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Black students in Duluth disciplined at higher rate

ALSO: Students sit during national anthem in Mankato; Indigenous Peoples/Treaty Day marked in Bemidji; a Norwegian-American encounters his roots; and more.

Although black males represent less than 5 percent of students enrolled in the Duluth district, they made up 20 percent of out-of-school suspensions between 2008 and 2014, according to data reviewed by the Duluth News Tribune. Jana Hollingsworth writes that in contrast, white males make up 43 percent of enrollment and received about 41 percent of the out-of-school suspensions during that same period. “The district has made reducing suspensions a priority, partly through changes in how it handles punishment for nonviolent behavior,” Hollingsworth writes. “It is also working with its educators and other staff to help them gain better understanding of different cultures and backgrounds.”

At Minnesota State University-Mankato’s homecoming football game Saturday, about 60 black students and their supporters stayed seated during the national anthem. Tim Krohn of the Mankato Free Press writes that the silent protest brought some jeers from the students near them. Coordinator Rosalin Cobb said they simply wanted to raise awareness about police shootings of unarmed blacks and racism. “We don’t want to stir people up, but just get people in Mankato to talk about this,” said Cobb.

About 30 protesters gathered near the Chief Shaynowishkung statue near Lake Bemidji on Monday to mark Indigenous Peoples/Treaty Day and to protest the continued existence of Columbus Day. Grace Pastoor of the Bemidji Pioneer writes that Curtis Buckanaga, who organized the protest, said he is disappointed that Columbus Day was not abolished, and that the climate in Bemidji has become more intolerant. “It was kind of a half-hearted thing because … they didn’t abolish Columbus Day at all,” Buckanaga said. Later Monday, about 80 people attended a panel discussion about the newly proclaimed holiday at Bemidji State University. Despite some dissatisfaction with the Bemidji City Council’s proclamation, the panelists spoke in favor of the holiday. “We bore this history that we’ve been talking about for too long by ourselves. … We’ve been bearing the brunt of it and we’re still standing,” said Kathryn Beaulieu, a Red Lake member and former tribal historian.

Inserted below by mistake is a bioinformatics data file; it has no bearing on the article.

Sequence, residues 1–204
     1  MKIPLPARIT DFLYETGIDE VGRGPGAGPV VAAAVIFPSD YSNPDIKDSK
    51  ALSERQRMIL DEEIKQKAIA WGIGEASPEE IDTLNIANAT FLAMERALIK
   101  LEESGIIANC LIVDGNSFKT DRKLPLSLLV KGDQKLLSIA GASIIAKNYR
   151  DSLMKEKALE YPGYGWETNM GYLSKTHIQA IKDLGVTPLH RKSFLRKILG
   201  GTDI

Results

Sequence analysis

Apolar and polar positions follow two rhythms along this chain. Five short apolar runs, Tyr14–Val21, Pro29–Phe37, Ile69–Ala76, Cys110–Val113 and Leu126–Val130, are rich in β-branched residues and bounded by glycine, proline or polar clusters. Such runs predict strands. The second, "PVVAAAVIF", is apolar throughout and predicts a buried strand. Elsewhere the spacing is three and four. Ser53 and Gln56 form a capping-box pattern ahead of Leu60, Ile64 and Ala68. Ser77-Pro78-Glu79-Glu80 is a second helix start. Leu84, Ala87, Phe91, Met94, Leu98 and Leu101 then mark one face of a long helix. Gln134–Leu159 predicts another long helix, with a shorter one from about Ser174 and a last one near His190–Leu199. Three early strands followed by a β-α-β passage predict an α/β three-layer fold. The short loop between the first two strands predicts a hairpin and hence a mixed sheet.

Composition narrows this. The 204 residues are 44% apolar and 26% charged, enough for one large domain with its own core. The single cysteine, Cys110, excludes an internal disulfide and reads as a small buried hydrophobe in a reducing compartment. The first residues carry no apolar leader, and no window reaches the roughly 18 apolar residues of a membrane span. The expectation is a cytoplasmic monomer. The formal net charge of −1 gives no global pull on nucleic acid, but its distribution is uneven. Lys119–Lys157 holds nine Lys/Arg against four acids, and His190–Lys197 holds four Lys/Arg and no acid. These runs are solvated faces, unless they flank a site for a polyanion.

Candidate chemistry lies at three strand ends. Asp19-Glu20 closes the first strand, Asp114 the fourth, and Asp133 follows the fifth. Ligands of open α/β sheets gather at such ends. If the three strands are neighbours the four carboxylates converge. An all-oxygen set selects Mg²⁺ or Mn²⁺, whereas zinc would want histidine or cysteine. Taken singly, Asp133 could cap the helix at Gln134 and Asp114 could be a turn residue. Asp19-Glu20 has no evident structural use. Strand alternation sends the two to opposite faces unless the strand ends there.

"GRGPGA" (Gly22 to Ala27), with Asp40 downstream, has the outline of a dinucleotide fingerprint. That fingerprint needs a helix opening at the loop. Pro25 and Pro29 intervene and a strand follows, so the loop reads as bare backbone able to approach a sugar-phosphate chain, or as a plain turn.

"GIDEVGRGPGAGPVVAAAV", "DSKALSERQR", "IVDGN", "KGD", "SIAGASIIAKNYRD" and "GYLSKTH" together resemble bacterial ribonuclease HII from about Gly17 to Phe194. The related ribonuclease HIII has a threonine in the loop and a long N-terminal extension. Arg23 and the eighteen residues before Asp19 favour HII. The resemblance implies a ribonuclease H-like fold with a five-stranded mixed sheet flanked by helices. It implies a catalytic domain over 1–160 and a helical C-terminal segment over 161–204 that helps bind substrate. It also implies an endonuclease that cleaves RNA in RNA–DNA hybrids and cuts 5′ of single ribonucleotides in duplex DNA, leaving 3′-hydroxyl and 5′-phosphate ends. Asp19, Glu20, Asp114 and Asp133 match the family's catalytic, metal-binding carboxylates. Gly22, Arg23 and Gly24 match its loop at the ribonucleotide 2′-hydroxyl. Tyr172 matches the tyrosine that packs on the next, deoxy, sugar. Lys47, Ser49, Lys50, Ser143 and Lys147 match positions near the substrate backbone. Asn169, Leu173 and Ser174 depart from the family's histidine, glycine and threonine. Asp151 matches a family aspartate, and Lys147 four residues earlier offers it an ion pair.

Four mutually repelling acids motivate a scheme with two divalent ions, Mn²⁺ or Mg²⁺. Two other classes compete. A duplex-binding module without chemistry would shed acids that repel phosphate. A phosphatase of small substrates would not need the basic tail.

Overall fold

Jeff Johnson, who grew up in North Dakota and lives in Minneapolis, didn’t know much about his Norwegian heritage nor about the reality show “Alt for Norge” before he appeared on it. John Lamb of the Fargo Forum writes that since Johnson appeared on the show, he has a much greater appreciation for his heritage. The show, which translates to “All for Norway,” brings Americans of Norwegian descent to Norway and films them as they complete tasks such as choking down a lutefisk dinner. Johnson grew up steeped in Norwegian stoicism – his grandfather emigrated in 1867 and his father grew up speaking Norwegian until he started school. “I’m more grateful for the Norwegian-ness I had. Growing up, I would not have looked at my upbringing with as grateful eye as I had before. … When you discover how deep your roots are, your branches get really strong,” he said.

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The plan to dredge Fountain Lake in Albert Lea took an important step forward when the Shell Rock River Watershed District approved drainage plans. Sarah Stultz of the Albert Lea Tribune reports that agencies such as the state Department of Natural Resources and Pollution Control Agency (MPCA) will assess the plan and make a decision soon. At issue is how to handle the 1.7 million cubic yards of sediment from the lake. The project is expected to cost $15 million, with $7.5 million coming from the state and the rest from a half-percent sales tax. According to the Shell Rock River Watershed District, the average water quality in the 555-acre lake has been below MPCA standards for more than 10 years. Dredging the lake will hopefully refresh it to the point where it can meet state water quality standards.